Factory Flaw: The Attrition and Retention of Women in Manufacturing

Harassment, Bias Drive Women Away from Lucrative Jobs

Women are more likely to quit jobs in manufacturing than women in other industries, reflecting a history of sexual harassment, unequal pay and opportunity denied. They are also more likely than men to leave manufacturing jobs, according to a new AAUW study made possible by the support of the Arconic Foundation.

The report, Factory Flaw: The Attrition and Retention of Women in Manufacturing, explores the challenges women face in male-dominated industries and the barriers that hinder their success. The report outlines how employers can build a more competitive workforce by addressing these longstanding issues and creating more pathways for women in the manufacturing fields.

The Findings

U.S. manufacturing shed 4.4 million jobs between 2000 and 2020, mostly in the earlier years. But women, who hold about one in three manufacturing jobs, were hit harder than men, losing 31 percent of their jobs in the first decades of this century, compared to 23 percent lost by men.

Women are underrepresented in higher-paying manufacturing sectors.  Only 17% of workers in the petroleum and coal fields, which pay almost $43 an hour, are women. But women account for more than half of workers in textile jobs, which pay under $20 an hour.

White women earned more on average than Black and Hispanic women. Between 2003 and 2019, Black and Hispanic women’s wages declined relative to their white counterparts. In 2019, Black women earned 78% of what white women workers did— which is down 5 percentage points from 2003—and Hispanic women earned 66% of what white women did—a 4 percentage point decrease.

Sexual harassment is widespread in the manufacturing industry. Women working in manufacturing are more likely to experience sexual harassment than those in women-dominated or even gender-equal sectors. Of those women we surveyed, 68.2% of women of color and 62.6% of white women reported experiencing some form of harassment at their workplace.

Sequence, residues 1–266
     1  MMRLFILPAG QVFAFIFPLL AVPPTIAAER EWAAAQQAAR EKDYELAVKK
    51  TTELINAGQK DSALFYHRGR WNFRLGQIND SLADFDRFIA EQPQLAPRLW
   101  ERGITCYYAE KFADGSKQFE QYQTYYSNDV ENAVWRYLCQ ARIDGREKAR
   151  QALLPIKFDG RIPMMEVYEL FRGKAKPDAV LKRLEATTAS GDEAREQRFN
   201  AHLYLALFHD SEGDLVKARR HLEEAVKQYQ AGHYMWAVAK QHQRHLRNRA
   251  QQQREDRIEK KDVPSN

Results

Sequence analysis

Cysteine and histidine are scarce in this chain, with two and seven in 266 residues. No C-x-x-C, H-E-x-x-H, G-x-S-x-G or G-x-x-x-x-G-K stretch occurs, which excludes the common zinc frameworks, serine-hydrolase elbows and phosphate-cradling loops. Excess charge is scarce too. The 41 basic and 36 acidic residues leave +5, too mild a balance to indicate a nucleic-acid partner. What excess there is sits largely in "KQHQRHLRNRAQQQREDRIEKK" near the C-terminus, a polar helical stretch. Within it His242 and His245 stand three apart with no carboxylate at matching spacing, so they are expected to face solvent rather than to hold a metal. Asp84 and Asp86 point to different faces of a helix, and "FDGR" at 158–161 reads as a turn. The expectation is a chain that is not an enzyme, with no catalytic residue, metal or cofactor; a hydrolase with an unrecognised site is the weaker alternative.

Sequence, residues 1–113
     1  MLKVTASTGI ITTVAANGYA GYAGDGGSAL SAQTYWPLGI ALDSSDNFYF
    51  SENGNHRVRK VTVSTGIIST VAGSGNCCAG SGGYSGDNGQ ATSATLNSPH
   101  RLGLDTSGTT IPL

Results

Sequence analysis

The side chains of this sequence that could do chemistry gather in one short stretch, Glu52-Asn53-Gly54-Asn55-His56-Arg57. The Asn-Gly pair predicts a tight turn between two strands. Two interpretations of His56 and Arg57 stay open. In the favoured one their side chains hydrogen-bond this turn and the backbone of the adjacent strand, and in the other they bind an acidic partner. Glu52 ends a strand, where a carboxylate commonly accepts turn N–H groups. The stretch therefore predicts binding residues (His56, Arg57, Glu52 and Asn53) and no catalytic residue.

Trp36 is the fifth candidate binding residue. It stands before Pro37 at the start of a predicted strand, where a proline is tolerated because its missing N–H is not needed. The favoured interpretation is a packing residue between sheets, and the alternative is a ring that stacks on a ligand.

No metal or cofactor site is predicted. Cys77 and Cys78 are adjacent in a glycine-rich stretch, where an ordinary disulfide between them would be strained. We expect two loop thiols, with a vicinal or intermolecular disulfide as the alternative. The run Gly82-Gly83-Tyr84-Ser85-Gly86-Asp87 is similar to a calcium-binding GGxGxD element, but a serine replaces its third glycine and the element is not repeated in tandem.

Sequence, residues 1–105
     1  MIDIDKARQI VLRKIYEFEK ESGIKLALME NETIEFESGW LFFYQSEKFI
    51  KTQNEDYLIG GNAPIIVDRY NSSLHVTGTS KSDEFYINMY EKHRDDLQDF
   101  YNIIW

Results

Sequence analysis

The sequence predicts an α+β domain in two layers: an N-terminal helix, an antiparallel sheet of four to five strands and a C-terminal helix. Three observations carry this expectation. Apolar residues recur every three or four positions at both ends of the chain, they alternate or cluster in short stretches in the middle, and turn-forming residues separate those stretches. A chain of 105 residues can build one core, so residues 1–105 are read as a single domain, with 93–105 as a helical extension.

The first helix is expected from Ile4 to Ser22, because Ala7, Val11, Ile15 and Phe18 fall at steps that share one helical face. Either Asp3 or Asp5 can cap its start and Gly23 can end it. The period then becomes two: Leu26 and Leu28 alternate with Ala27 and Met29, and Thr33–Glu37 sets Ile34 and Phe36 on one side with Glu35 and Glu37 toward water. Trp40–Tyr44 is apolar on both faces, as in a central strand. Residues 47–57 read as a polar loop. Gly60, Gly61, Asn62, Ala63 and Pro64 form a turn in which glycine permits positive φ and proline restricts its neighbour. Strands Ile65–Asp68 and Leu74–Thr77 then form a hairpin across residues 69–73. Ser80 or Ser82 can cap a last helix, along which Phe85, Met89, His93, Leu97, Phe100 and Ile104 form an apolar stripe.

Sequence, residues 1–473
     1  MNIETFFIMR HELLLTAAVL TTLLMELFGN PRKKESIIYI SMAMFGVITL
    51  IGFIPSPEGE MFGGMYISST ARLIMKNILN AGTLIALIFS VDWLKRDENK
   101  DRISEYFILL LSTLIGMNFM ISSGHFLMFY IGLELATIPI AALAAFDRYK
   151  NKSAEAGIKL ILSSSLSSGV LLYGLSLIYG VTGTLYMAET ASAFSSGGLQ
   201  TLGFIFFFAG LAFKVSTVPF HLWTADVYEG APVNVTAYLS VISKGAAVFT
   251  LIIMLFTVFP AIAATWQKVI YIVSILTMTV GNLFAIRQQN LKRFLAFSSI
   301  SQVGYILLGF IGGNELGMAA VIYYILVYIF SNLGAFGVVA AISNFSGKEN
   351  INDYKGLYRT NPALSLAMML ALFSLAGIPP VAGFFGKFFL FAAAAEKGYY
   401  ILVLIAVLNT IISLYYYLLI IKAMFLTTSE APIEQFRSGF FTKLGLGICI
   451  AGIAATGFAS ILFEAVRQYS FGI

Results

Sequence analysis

Dissatisfaction with family leave policies is key reason women leave manufacturing jobs. Altogether, 69.2% of women surveyed said they were not satisfied with the amount of paid family leave.  This includes both women with children and those without.

Recommendations

To address these obstacles manufacturers must:

  • Take firm steps to prohibit sexual harassment. Creating clearly defined sexual-harassment policies, instituting complaint procedures, making harassment training in-person and interactive, and conducting bystander awareness training are all needed.
  • Ensure equality in pay and promotions. Pay audits, greater transparency and setting current wages without regard to past salary history will help.
  • Improve family-friendly policies. Benefits such as paid family and medical leave, flextime help workers balance their tasks at work with those at home and reduce women’s likelihood of leaving their jobs.
  • Support training and re-skilling. Increasingly, well-paying manufacturing jobs require a college degree, at a minimum. Companies should create apprenticeship programs for college students and offer tuition reimbursement for employees.

The Path Forward

Our findings are a call to action for employers to increase the presence — and power — of women in the manufacturing world.  Not only will women and their families gain from having access to these well-paying jobs, but industry will benefit richly from the skills, talents and diversity that more greater diversity can bring.